Maple Leaf CEO asked parliamentarians to not sanction Chinese officials

News source from CTV News

OTTAWA —
The CEO of Maple Leaf Foods, Michael McCain, called on parliamentarians to back off on calling for sanctions for Chinese officials last month, according to a copy of a letter obtained by CTV News.

The letter, which was obtained by Evan Solomon, host of CTV’s Power Play, was sent last month from McCain to Senators Leo Housakos and Than Hai Ngo. It was in reference to a motion introduced in the Senate by the pair that called for Magnitsky Act sanctions for human rights abuses against Chinese and Hong Kong government officials in relation to the ongoing protests and treatment of Muslims in China.

“On behalf of Maple Leaf Foods and the entire Canadian livestock and meat industry I appeal to you to withdraw this initiative. In making this request, I am not making any judgment on the issue of human rights abuses in Hong Kong or in China. But the simple fact is that Canada acting alone on this ensures two certain consequences: (i) Chinese human rights policies will not change and (ii) Chinese retaliation will be uniquely directed to Canada,” McCain wrote.

Going on to cite his industry’s dependence on exports and the jobs potentially at stake, McCain referenced comments from China’s ambassador to Canada stating that sanctions would result in further trade retaliation. While Maple Leaf turned a profit in its most recent quarter, McCain cited global trade as a drag on the company’s performance.

Canadian beef and pork producers were shut out of the Chinese market for months last year after the country halted imports, a byproduct of in what remains ongoing strained relations between Canada and China over the arrest of Huawei executive Meng Wanzhou in Vancouver more than a year ago.

“It is no exaggeration to say that there are thousands of livelihoods at risk if your motion triggers action by the government,” reads the letter.

Copies of the letter were also sent to Prime Minister Justin Trudeau, Deputy Prime Minister Chrystia Freeland, Foreign Affairs Minister Francois-Philippe Champagne, outgoing Conservative Leader Andrew Scheer, Agriculture and Agri-Food minister Marie-Claude Bibeau, and Senator Don Plett.

The motion has not yet been voted on in the Senate, and while it’s common for industry representatives to send similar letters advocating for or against parliamentary measures, Housakos tweeted about the letter today, questioning McCain’s “consistency.”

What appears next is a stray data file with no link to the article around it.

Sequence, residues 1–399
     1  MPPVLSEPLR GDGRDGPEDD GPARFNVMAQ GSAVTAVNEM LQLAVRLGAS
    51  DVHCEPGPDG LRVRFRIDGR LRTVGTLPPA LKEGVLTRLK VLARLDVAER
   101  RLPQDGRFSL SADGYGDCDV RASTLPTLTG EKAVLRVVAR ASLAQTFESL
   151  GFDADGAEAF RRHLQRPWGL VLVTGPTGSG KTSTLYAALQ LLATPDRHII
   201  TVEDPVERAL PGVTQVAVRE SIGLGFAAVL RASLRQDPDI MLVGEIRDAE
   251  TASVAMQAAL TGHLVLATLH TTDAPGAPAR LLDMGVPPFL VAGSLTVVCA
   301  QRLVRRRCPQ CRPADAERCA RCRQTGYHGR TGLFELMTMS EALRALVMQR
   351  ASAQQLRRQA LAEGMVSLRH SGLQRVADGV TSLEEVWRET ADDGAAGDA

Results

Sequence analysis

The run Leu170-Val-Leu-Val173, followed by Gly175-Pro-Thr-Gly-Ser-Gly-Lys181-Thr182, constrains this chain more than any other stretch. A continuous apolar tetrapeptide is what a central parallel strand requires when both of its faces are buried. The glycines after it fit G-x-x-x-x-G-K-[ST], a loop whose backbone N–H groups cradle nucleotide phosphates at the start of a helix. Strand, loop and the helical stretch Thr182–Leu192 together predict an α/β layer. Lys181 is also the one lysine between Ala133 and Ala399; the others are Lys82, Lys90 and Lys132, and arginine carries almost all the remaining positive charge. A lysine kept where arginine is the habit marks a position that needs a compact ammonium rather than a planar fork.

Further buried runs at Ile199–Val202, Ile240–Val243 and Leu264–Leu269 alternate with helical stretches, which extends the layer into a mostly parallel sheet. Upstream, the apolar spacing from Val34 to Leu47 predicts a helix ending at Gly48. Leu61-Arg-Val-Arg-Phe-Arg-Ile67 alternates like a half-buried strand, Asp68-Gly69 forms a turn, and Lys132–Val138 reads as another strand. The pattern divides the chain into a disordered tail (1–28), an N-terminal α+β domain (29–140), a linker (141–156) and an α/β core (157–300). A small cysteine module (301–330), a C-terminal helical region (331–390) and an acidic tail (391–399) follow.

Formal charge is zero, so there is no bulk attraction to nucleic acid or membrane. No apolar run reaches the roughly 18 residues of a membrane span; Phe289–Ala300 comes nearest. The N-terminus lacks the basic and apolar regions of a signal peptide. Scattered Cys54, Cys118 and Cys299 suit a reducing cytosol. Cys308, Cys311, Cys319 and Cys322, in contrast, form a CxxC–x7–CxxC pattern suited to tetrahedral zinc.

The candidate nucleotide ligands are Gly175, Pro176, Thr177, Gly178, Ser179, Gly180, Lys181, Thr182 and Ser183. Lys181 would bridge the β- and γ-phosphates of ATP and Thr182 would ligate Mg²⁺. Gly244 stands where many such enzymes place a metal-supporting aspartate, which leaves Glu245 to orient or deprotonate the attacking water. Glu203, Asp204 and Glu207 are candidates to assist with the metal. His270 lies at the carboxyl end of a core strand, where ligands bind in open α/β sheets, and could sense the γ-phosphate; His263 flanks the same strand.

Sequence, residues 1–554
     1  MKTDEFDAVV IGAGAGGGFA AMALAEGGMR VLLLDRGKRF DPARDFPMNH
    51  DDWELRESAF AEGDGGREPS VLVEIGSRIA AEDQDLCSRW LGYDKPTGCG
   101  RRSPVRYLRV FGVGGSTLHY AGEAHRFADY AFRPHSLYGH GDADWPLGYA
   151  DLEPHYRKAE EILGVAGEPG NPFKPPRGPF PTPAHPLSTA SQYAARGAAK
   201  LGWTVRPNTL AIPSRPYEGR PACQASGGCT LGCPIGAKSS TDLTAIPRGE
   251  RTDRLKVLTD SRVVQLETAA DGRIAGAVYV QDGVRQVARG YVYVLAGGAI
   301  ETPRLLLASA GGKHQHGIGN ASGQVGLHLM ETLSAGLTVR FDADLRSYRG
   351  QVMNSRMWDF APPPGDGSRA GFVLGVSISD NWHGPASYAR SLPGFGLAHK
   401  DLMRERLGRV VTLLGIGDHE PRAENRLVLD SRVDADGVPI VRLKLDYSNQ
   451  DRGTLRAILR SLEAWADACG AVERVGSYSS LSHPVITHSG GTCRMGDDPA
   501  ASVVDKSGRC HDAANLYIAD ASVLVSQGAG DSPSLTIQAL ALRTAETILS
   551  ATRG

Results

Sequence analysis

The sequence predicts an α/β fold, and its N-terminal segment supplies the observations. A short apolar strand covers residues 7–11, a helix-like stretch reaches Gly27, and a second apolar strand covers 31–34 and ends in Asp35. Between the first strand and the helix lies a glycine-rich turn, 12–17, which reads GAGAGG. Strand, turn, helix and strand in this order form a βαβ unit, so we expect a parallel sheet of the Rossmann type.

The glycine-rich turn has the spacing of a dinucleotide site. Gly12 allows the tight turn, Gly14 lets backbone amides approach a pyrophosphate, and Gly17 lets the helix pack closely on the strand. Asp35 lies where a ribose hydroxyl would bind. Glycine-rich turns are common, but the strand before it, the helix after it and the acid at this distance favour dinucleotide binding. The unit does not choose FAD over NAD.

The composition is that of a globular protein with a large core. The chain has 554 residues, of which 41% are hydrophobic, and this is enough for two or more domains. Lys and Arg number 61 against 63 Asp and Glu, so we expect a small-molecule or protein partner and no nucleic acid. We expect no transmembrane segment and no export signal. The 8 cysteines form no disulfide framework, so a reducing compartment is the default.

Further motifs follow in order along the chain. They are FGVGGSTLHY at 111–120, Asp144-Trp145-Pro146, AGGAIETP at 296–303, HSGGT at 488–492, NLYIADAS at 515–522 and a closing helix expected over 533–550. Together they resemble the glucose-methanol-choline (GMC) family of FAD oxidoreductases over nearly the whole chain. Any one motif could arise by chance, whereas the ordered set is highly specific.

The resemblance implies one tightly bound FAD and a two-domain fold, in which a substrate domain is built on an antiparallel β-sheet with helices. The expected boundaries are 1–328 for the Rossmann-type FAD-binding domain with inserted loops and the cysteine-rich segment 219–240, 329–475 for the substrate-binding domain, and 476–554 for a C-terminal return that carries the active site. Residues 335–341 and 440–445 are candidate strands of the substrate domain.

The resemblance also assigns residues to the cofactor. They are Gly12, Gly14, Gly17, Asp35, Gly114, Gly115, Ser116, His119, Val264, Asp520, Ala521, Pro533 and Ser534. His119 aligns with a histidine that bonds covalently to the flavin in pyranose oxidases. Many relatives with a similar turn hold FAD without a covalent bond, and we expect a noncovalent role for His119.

Referencing the letter, Housakos said that McCain “cited concern for his employees, ie the impact on their jobs. He didn’t seem overly concerned about human rights then and he didn’t seem overly concerned about his employees and their jobs last night.”

This comes after Sunday night when, in a series of tweets posted to his company’s main account, McCain spoke out against the U.S. government and President Donald Trump in relation to the Iranian plane crash.

In the thread of what he called “personal reflections,” he said he was “livid” because a colleague’s wife and child were two of the 57 Canadians killed when Iran shot down Ukraine International Airlines flight PS752, on Jan. 8 in Tehran. The plane was downed accidentally according to Iran, as they prepared for retaliation for filing missiles as Iraq bases housing U.S. military.

McCain called it a “needless, irresponsible series of events,” and called Trump a “narcissist,” and alleged that U.S. officials “concocted an ill-conceived plan to divert focus from political woes.”

In a statement, Housakos said that while he sympathizes with the “enormous loss being felt by Mr. McCain’s colleague” and “shares Mr. McCain’s anger over the atrocity that was committed against everyone on that flight and those they left behind,” he believes there have been “valid” points raised about the appropriateness of McCain’s comments.





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